Each morning he starts off the day with stretches and his workouts focus on strength training, core and cardio. Despite having a pacemaker, he has no exercise restrictions.

“It’s probably one of the best decisions I have ever made,” Ditlo said. “I don’t know why I didn’t start earlier. I feel so much better and I feel good about myself. I feel so much better overall.”

Steve Ditlo, 71, performs a BOSU ball squat to increase his balance and lower body strength. (Courtesy of Lydia Lieb)
Steve Ditlo, 71, performs a BOSU ball squat to increase his balance and lower body strength.(Courtesy of Lydia Lieb)

Prior to working out with Lieb, when he would do things around the house that required physical activity he wasn’t able to last very long.

“Now I feel more agile and I have gained a lot of strength,” Ditlo said. “I’m hauling the wheelbarrow all of the time and I’ll be out all day. Before, I was starting to feel it after a couple of hours and now I go all day and I feel great.”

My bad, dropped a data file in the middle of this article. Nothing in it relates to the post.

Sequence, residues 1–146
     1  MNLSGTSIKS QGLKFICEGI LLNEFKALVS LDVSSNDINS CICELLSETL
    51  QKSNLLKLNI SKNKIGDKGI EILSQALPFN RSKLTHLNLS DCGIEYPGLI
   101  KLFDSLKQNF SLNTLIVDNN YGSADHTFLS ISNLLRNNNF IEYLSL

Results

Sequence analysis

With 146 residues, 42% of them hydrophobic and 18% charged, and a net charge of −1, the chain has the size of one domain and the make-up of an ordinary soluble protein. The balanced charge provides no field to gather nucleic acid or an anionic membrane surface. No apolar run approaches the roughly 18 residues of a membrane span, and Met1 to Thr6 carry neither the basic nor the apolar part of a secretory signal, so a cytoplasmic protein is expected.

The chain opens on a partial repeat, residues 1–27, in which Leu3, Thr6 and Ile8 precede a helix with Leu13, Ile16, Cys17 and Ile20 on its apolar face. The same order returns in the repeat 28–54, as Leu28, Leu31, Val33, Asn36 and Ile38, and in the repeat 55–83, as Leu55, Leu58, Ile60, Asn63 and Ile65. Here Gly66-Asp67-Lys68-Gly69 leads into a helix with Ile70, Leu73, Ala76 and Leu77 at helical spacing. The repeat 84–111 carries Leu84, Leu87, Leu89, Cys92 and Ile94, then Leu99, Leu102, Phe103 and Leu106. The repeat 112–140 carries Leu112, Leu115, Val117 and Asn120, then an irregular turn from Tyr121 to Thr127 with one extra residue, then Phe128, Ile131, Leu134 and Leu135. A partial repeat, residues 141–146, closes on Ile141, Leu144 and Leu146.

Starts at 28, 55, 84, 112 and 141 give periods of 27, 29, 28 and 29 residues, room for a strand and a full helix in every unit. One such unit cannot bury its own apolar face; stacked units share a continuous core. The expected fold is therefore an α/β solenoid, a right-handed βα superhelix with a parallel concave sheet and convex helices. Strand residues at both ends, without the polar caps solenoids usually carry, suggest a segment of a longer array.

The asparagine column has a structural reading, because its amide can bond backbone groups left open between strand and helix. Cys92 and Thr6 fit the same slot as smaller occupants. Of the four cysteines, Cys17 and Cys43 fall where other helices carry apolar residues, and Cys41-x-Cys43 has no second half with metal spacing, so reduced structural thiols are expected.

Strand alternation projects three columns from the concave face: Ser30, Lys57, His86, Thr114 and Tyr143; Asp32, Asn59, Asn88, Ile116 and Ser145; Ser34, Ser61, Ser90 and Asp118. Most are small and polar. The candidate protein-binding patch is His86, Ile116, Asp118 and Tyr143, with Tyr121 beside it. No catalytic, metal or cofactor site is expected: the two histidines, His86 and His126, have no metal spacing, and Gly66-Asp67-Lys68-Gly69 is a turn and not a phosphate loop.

Ditlo said that in addition to Lieb helping him attain his personal goals, he emphasizes the importance of balance for seniors. Attaining and maintaining core stability helps maintain balance and good posture, among other things.

Lieb often works with his clients on the “McGill Big 3” for core stability, which is a series of exercises centered on the back based on research by Dr. Stuart McGill, a distinguished professor emeritus at Waterloo University.

He determined three exercises — curl ups (also known as crunches), side planks and bird-dogs — are ones that efficiently address all of the muscles associated with the spine without placing stresses on the parts of the back that might be aggravated or irritated due to injury.

Lieb stressed that what makes these particular exercises ideal is that they require you to engage your core for the full length of each exercise.